Former Brazilian fullback Roberto Carlos has followed fellow footballing great Ruud Gullit in accepting a lucrative deal to ply his trade in the troubled Caucasus region of Russia - which has left many scratching their heads in wonderment.
Wonderment at the reported five million euros a season the 37-year-old will be paid by powerful oil and metals magnate Suleiman Kerimov, the ambitious owner of mediocre Russian Premier League outfit Anzhi Makhachkala.
There is also bemusement that Roberto Carlos - a World Cup winner in 2002 and finalist in 1998 - should decide in the dying days of his career to risk his life by settling in Dagestan, which is the scene of daily explosions, abductions and other forms of ethnic and gang-related violence.
Gullit for his part has agreed to coach another mediocre but ambitious Premier League club Terek Grozny and earn a reported two million dollars on his 18-month contract - the two-time world player of the year has also said he will only come to Grozny for matches.
He will spend the rest of the time at a team training base about 200 kilometres (120 miles) west of the Chechen capital.
Some commentators are also wary of the Russian elite division becoming a well-paid refuge for players, whose best days are behind them and are looking for one last big payday.
"The club is off to a good start because Roberto Carlos's arrival will attract attention to Makhachkala and the team," said former Russian international defender Yevgeny Bushmanov.
"But they should continue moving in that direction because as a left full-back, Carlos can not single-handedly change the team's playing style.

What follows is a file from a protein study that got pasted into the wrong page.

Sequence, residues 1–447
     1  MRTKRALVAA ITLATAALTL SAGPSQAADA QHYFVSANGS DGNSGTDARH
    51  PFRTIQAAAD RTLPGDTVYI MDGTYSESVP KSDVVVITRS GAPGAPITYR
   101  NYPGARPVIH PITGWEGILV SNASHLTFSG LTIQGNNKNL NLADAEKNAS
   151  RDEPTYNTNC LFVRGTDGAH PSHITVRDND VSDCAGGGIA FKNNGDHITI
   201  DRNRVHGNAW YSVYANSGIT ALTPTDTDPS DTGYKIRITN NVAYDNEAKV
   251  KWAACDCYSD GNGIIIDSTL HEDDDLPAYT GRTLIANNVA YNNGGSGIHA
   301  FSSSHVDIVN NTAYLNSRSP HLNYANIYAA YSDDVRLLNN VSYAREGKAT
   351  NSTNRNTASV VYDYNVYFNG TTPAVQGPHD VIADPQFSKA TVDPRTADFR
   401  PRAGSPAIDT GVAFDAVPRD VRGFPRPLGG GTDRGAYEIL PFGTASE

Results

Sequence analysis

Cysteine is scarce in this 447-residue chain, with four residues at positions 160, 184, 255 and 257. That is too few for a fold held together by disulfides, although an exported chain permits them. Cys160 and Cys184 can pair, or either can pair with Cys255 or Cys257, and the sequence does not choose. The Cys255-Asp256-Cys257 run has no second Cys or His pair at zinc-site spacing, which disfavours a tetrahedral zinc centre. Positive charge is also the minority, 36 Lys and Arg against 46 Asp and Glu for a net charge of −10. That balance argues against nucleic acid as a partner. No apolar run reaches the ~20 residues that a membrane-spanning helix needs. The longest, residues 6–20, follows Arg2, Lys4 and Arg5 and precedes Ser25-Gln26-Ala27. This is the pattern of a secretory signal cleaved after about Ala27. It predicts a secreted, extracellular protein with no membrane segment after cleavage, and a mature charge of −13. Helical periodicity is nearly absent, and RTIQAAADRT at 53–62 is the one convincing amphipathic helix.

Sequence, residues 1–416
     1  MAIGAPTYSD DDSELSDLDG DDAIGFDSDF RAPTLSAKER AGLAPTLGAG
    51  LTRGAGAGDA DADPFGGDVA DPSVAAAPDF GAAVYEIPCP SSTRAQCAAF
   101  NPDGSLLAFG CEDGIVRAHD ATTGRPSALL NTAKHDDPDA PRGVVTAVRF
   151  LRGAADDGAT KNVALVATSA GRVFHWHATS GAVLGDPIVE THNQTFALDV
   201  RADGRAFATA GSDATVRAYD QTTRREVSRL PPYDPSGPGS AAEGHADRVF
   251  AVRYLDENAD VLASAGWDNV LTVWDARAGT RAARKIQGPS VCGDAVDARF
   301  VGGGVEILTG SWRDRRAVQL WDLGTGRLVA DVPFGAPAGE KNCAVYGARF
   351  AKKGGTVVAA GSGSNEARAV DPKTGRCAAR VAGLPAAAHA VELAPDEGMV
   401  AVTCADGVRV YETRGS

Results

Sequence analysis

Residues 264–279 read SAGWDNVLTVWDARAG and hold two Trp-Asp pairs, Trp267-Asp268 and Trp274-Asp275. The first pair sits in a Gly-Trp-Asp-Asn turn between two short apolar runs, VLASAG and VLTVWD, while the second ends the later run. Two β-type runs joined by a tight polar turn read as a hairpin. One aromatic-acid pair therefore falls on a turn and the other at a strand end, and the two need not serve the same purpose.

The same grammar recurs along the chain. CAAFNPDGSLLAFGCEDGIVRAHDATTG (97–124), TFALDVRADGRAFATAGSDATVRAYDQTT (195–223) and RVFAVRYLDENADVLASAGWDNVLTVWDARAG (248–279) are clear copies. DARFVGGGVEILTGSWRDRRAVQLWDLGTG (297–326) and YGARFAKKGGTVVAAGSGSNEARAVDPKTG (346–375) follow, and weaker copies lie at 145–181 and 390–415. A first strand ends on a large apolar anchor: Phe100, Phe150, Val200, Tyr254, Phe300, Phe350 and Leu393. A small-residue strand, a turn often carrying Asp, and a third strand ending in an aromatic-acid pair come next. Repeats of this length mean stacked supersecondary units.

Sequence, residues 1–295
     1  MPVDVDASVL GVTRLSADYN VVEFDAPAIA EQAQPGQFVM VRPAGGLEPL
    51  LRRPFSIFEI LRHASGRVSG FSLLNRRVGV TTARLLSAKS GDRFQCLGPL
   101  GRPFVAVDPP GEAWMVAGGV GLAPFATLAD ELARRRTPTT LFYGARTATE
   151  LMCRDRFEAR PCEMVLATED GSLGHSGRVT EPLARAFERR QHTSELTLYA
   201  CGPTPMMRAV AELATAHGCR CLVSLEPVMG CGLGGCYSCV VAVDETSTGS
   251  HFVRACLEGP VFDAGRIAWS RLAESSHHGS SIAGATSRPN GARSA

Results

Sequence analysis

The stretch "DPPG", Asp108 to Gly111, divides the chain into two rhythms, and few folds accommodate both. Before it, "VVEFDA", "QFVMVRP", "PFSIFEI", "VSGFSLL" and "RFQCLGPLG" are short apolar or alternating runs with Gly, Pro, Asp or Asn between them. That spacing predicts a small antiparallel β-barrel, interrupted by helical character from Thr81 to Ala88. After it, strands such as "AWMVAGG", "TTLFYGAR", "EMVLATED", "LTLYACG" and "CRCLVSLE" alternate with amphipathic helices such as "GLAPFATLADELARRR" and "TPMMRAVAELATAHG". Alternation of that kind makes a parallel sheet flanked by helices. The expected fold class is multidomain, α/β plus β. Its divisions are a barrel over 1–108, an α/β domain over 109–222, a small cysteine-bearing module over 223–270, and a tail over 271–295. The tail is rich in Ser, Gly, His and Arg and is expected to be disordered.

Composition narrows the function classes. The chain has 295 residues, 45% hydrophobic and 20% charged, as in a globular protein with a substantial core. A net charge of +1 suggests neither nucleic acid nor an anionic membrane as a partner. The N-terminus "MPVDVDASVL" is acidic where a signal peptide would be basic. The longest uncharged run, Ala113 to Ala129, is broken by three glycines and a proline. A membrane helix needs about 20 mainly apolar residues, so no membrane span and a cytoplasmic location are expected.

"Otherwise, our league will turn into a place where the former stars come only to boost their personal fortunes before retiring."
Kerimov, who is also a Russian senator, has signalled his intent of raising Anzhi's profile and improving its fortunes and has reportedly offered Carlos's former club Corinthians 11million euros for Brazilian international midfielder Jucilei da Silva.
Anzhi manager Gadzhi Gadzhiev said the club's new owner had all along sought to boost the club's confidence with a headline-grabbing signing that would give impetus to the game's development in impoverished Dagestan.
"We were looking for a famous player who could raise both the popularity of football in our republic and the club's image," Gadzhiev said.
"World champion Roberto Carlos, a three-time Champions League winner, is one of the best possible candidates for this role."
Gadziev has refused to say how much Anzhi's new owner has invested in the club, saying only that Kerimov was set to construct a completely new football stadium in Makhachkala, the republic's capital.
"The club's budget will definitely increase because Kerimov has expressed a clear intention to buy world-class footballers for Anzhi," said Gadziev.
Gadziev, though, warned the club's fans not to expect immediate signs of success with a side that finished sixth from bottom last season, 35 points adrift of champions Zenit St Petersburg.
"Our level of financing and organization is not the same as that of the top clubs," Gadzhiev said.
"Besides, all these clubs have traditions that Anzhi still does not. But if we do manage to fulfil Kerimov's ambitions, we will be able to compete with any club after two or three years."